“We have been seeing an increased number of high-risk patients, who have been infected through family members or religious gatherings,” Jeong said. “There’s a particular need for people over 65 years in age, pregnant women and those with chronic medical conditions to be alert,” she added, recommending that they avoid face-to-face gatherings with others.

Quarantine officials disinfect a park in Gunpo, South Korea on Monday as a precaution against the novel coronavirus. Health officials are expressing growing concern over an increase of cases in the capital. (Hong Ki-won/Yonhap/The Associated Press)

South Korea has so far reported more than 11,000 cases and around 270 deaths.

China, where the new virus was first reported late last year, reported 16 new cases on Monday, all in travellers newly arrived from abroad. Eleven of those arrived in the southwestern city of Chengdu on Friday aboard the same flight from Cairo, the Chengdu city government said in a statement. With local transmissions having fallen to virtually zero, much of China has reopened for business and Monday saw the further restart of classes in middle and high schools. Kindergartners and fourth- and fifth-graders will be allowed back next week as part of a staggered opening to prevent the further spread of the virus.

India has registered 230 deaths in the last 24 hours, bringing its total to 5,394 as the country begins its three-stage reopening on Monday. The lockdown is being eased in most places except for the containment zones now isolated due to coronavirus outbreaks.

The Health Ministry said India had 190,535 cases, which is the 7th most worldwide, exceeding Germany and France. More than 60 per cent of India’s COVID-19 fatalities have occurred in just two states — Maharashtra, the financial hub and entertainment hub of India, and Gujarat, the home state of Prime Minister Narendra Modi.

Experts say that although India’s cases are increasing rapidly, it is nowhere close to the peak of the outbreak. But the government is still easing the lockdown to ease some of the economic pain and hardship.

Passengers stand in a queue outside New Delhi Railway Station on Monday before boarding a train after the government eased restrictions imposed as a preventive measure against COVID-19. (Sajjad Hussain/AFP/Getty Images)

The railways will run 200 more special passenger trains from Monday and some states have opened their borders to vehicular traffic.

Maharashtra has allowed shops and offices to open outside containment zones and given a nod to the resumption of film shootings with some restrictions in place.

There are concerns that the virus may be spreading through India’s villages as millions of jobless migrant workers return home from cities during the lockdown.

South Africa sought to revive its stuttering economy on Monday with the partial lifting of a coronavirus lockdown, letting people out for work, worship or shopping, and allowing mines and factories to run at full capacity.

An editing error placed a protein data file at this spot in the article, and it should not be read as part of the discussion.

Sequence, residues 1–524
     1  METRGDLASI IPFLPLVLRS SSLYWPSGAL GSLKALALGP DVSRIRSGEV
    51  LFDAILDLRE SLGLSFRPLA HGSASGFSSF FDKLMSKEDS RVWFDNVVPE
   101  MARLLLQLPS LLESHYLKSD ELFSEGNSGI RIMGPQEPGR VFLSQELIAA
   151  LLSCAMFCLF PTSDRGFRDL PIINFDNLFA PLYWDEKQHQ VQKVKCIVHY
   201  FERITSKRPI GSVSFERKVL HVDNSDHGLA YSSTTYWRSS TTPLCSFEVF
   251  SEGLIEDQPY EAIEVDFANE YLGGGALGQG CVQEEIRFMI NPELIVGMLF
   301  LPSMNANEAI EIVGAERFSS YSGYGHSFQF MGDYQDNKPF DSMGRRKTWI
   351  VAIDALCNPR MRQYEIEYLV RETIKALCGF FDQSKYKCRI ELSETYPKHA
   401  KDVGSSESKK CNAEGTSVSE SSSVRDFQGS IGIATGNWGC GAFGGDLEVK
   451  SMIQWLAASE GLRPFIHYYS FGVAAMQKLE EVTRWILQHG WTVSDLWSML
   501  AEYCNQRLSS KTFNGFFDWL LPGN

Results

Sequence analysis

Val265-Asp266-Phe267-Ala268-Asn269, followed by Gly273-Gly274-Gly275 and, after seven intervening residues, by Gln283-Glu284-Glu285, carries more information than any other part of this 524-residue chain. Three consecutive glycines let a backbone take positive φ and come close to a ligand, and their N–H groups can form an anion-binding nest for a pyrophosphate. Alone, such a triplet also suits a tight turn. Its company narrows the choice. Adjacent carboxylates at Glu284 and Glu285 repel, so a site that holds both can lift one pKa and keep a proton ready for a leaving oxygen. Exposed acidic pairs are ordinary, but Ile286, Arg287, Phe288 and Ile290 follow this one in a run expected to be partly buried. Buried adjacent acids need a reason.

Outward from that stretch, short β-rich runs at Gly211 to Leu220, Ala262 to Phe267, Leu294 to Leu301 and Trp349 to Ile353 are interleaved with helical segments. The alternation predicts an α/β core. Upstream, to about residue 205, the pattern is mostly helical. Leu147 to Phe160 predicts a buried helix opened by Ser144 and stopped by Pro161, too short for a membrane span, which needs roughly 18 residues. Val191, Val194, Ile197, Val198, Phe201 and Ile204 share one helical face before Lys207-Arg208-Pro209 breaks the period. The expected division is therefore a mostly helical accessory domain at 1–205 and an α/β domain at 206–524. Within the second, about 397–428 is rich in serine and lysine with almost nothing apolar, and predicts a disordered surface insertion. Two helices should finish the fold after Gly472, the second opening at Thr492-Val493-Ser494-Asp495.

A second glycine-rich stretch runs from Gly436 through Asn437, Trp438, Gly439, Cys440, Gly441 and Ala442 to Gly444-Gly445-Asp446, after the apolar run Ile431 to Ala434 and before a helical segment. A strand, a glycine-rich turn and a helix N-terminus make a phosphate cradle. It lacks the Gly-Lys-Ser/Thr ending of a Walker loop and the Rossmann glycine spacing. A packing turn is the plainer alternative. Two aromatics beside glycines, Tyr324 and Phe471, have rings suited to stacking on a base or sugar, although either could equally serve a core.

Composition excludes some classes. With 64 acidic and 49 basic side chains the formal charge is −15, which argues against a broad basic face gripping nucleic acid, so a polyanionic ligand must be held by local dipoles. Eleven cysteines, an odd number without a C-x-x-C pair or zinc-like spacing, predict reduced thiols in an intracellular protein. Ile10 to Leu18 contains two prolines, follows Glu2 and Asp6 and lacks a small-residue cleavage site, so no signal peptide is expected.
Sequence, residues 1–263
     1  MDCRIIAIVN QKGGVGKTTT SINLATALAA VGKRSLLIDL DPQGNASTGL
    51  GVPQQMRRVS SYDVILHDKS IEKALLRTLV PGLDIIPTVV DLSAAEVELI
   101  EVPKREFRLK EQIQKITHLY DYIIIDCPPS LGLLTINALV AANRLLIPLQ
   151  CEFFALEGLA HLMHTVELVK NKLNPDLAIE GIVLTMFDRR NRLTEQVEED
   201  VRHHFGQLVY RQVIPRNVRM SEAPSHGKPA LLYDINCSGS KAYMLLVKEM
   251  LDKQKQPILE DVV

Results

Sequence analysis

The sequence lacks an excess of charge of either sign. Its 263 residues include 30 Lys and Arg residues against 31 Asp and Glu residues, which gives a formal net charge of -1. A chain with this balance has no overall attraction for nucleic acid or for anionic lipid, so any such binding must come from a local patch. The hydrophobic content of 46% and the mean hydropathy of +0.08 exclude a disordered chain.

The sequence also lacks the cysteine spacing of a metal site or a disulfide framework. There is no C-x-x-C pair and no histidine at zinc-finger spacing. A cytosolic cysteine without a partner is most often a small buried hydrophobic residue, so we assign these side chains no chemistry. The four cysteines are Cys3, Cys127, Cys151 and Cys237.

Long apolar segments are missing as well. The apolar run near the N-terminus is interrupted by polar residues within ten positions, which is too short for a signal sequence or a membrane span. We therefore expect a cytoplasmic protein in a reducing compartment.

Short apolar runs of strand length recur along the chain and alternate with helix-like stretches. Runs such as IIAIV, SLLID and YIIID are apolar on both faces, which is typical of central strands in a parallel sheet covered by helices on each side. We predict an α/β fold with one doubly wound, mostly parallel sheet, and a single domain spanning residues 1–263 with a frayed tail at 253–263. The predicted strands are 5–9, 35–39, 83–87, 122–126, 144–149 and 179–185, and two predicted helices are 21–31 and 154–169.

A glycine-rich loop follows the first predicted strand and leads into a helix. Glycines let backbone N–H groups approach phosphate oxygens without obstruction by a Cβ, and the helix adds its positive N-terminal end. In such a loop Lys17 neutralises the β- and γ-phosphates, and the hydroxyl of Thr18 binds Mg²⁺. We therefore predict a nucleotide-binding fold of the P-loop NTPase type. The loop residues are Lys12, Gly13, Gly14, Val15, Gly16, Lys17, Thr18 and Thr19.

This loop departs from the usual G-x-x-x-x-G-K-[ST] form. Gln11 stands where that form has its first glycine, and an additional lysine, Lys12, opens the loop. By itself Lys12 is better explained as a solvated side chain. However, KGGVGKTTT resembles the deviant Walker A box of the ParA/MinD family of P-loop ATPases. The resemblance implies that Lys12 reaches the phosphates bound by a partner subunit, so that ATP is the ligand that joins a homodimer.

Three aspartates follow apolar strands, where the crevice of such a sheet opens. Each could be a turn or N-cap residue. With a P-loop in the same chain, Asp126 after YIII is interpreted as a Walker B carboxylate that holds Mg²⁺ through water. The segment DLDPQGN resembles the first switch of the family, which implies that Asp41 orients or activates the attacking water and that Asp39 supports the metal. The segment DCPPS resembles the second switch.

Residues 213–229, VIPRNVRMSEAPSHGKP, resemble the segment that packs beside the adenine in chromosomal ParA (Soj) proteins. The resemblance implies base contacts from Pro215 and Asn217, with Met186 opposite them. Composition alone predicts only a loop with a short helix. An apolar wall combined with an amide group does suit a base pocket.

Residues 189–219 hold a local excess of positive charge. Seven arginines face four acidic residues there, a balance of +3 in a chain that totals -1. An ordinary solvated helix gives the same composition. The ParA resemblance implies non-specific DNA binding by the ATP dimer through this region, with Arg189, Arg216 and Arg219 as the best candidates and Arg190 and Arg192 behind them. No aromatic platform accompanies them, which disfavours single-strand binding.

President Cyril Ramaphosa was widely praised when he ordered a strict lockdown at the end of March, but the measures have battered the economy of Africa’s most industrialized nation, which was already in recession before the coronavirus.

A pupil arrives at her class at the City Kidz Pre & Primary School in the Inner City district in Johannesburg on Monday as lessons resume. (Marco Longari/AFP/Getty Images)

South Africa’s central bank expects the economy, which has been hard hit by the impact of power cuts at crisis-hit state energy firm Eskom, to contract by seven per cent this year.

But moving to “level 3” lockdown so soon has been questioned by some who say it will inevitably increase the number of coronavirus cases, which jumped above 30,000 over the weekend.

The U.S. has sent to Brazil more than 2 million doses of a malaria drug touted by President Donald Trump as potentially protecting against and treating the coronavirus, despite a lack of scientific evidence. Brazil, Latin America’s hardest-hit country, continues to see a surge in virus cases, and last week Trump announced that the U.S. was restricting travel from the country.

In Bogota, Colombia’s capital, authorities were locking down an area of nearly 1.5 million people as cases continued to rise.

On Sunday, armed soldiers inform street vendors that as of Monday, they could no longer be in the street after the mayor of Bogota ordered a strict quarantine in the Kennedy area of the city to prevent the spread of the coronavirus. (Fernando Vergara/The Associated Press)

In Saudi Arabia, mosques reopened Sunday for the first time in more than two months, but Islam’s holiest site in Mecca remained closed.

In Jerusalem, throngs of worshippers waited outside the Al-Aqsa Mosque before it reopened. Many wore surgical masks and waited for temperature checks as they entered.

Meanwhile, Egypt on Sunday reported its highest-ever number of infections and deaths from the virus — 46 over the previous 24 hours, with 1,536 confirmed cases.





Source link

Name (required)Email (required)Website

Leave a Reply